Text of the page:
Recent research has implicated dietary fish oils in the reduction of eicosanoids formed from arachidonic acid and amelioration of chronic diseases such as coronary heart disease, atherosclerosis and inflammation. Feeding studies were conducted to determine if the efficacy of dietary n-3 polyunsaturated fatty acids (PUFA) from fish oils was influenced by the quantity of n-6 polyunsaturated fatty acids and the total level of fat in the diet. Groups of mice were fed diets composed of 5 and 20% total fat with varying proportions of linoleic acid as a source of n-6 PUFA. Menhaden oil as a source of n-3 PUFA was fed at two levels of n-6 at each level of total fat. Eicosanoid biosynthesis was stimulated and assayed in the mouse peritoneum using zymosan as an inflammatory stimulus. Production of LTE4 and PGE2 was enhanced by increasing n-6 PUFA in the diet at both levels of total fat. High dietary fat significantly suppressed leukotriene (LT) synthesis. Dietary menhaden oil reduced LTE4 and PGE2 synthesis at both levels of dietary n-6 in the low fat study. In animals on 20% dietary fat menhaden oil significantly reduced LT synthesis only at a relatively low dietary n-6 PUFA. On a high n-6 PUFA high fat diets, menhaden oil did not significant affect LTE4 synthesis in response to zymosan stimulation. The results suggest that the effectiveness of fish oils in reducing eicosanoids in response to specific stimulation is influenced by the level of n-6 and the total quantity of fat in the diet.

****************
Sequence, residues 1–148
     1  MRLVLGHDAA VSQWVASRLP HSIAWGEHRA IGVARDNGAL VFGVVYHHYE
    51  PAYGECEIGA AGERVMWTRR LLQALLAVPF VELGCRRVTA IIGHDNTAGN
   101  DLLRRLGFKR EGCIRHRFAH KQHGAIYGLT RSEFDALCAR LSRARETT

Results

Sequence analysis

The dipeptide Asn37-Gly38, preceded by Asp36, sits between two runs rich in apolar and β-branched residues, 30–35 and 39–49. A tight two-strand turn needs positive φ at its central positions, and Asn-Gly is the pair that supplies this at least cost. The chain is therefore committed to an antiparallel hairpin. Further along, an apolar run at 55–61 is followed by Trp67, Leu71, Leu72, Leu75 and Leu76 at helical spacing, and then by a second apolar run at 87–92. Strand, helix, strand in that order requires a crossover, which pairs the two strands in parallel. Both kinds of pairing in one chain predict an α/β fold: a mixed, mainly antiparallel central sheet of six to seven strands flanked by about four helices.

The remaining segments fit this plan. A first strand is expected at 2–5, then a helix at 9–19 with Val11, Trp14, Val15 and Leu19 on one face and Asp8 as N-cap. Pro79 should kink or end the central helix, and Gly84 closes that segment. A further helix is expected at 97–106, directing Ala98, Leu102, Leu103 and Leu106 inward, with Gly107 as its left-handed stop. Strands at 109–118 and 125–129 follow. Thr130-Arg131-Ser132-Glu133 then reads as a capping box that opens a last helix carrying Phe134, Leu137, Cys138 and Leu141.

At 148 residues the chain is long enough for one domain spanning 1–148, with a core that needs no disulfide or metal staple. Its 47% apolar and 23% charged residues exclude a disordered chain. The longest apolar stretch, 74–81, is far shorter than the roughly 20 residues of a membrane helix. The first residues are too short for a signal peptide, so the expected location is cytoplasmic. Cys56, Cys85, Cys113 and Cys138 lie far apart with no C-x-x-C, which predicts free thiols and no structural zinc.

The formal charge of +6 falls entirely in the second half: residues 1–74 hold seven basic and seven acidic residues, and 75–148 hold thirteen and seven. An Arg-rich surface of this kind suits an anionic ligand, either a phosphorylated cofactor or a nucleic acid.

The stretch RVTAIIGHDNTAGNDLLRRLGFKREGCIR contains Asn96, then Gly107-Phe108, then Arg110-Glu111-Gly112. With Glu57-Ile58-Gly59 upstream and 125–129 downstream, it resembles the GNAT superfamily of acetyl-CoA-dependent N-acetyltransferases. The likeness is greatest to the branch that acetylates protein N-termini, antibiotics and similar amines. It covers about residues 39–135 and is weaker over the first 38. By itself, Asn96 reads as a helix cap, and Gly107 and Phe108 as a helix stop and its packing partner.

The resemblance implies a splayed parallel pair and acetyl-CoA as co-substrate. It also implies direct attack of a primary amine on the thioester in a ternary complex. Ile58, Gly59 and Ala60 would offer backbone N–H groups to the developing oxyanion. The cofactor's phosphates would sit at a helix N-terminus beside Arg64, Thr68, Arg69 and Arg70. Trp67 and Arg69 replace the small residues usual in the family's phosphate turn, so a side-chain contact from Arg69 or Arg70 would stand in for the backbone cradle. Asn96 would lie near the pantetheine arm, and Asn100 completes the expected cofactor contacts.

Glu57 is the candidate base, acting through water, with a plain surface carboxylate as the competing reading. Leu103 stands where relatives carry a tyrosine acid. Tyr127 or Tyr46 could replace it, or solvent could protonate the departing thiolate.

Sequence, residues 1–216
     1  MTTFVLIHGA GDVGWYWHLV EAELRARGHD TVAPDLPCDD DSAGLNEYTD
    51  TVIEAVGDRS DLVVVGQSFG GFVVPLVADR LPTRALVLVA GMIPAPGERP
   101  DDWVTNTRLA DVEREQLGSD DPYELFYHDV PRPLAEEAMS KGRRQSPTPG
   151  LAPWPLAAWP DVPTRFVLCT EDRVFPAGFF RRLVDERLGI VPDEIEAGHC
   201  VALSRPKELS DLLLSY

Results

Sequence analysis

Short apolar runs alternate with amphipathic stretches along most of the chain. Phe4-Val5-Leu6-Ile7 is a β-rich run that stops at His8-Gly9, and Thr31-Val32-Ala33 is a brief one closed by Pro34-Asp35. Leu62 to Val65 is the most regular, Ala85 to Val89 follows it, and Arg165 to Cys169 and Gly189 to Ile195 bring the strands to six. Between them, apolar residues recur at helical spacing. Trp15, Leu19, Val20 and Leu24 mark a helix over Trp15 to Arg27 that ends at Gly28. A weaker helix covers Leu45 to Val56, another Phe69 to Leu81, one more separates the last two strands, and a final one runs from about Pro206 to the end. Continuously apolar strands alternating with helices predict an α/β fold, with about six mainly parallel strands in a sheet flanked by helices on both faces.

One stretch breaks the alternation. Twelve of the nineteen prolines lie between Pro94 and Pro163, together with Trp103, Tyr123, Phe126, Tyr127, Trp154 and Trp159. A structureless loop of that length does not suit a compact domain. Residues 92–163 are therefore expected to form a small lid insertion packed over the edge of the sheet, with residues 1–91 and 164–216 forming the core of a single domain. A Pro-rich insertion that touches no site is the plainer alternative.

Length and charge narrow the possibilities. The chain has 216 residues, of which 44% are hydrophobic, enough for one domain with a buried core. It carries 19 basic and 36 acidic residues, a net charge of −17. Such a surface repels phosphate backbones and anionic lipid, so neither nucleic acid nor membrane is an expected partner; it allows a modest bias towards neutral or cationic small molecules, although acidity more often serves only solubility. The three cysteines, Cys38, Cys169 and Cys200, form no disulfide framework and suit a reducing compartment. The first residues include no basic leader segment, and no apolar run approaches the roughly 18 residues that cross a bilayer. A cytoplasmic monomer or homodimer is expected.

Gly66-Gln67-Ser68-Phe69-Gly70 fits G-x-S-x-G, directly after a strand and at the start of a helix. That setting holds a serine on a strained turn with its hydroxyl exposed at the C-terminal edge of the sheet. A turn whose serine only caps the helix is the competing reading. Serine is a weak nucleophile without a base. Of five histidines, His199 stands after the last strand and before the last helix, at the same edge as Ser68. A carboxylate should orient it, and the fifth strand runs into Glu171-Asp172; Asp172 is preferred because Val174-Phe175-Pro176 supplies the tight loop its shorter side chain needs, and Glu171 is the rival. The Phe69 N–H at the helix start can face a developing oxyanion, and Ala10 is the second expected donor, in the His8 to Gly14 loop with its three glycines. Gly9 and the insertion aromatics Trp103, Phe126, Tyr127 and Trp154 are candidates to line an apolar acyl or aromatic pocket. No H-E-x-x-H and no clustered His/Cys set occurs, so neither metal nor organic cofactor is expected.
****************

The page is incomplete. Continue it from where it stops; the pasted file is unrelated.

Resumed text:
|Original language||English (US)|
|Number of pages||9|
|Journal||Prostaglandins, Leukotrienes and Essential Fatty Acids|
|State||Published - 1988|
ASJC Scopus subject areas
- Clinical Biochemistry
- Endocrinology, Diabetes and Metabolism